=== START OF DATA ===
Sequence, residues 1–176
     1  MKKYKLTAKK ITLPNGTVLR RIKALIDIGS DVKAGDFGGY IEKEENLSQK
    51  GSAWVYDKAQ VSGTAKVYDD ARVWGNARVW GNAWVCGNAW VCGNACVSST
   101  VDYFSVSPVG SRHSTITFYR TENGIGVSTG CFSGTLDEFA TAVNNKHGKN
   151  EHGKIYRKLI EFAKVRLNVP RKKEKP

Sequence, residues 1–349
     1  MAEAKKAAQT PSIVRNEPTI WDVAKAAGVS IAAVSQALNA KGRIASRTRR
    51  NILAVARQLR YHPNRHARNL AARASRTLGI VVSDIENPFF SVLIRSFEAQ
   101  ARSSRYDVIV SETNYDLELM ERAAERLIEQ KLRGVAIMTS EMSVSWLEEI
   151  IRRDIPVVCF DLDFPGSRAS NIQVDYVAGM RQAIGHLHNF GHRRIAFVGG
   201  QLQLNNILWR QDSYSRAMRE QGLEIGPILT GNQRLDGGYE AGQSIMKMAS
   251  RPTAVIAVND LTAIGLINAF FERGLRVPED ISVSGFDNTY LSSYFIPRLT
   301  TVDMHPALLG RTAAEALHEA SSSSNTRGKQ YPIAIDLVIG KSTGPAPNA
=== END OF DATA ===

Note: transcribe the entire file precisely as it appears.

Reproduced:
Sequence, residues 1–176
     1  MKKYKLTAKK ITLPNGTVLR RIKALIDIGS DVKAGDFGGY IEKEENLSQK
    51  GSAWVYDKAQ VSGTAKVYDD ARVWGNARVW GNAWVCGNAW VCGNACVSST
   101  VDYFSVSPVG SRHSTITFYR TENGIGVSTG CFSGTLDEFA TAVNNKHGKN
   151  EHGKIYRKLI EFAKVRLNVP RKKEKP

Sequence, residues 1–349
     1  MAEAKKAAQT PSIVRNEPTI WDVAKAAGVS IAAVSQALNA KGRIASRTRR
    51  NILAVARQLR YHPNRHARNL AARASRTLGI VVSDIENPFF SVLIRSFEAQ
   101  ARSSRYDVIV SETNYDLELM ERAAERLIEQ KLRGVAIMTS EMSVSWLEEI
   151  IRRDIPVVCF DLDFPGSRAS NIQVDYVAGM RQAIGHLHNF GHRRIAFVGG
   201  QLQLNNILWR QDSYSRAMRE QGLEIGPILT GNQRLDGGYE AGQSIMKMAS
   251  RPTAVIAVND LTAIGLINAF FERGLRVPED ISVSGFDNTY LSSYFIPRLT
   301  TVDMHPALLG RTAAEALHEA SSSSNTRGKQ YPIAIDLVIG KSTGPAPNA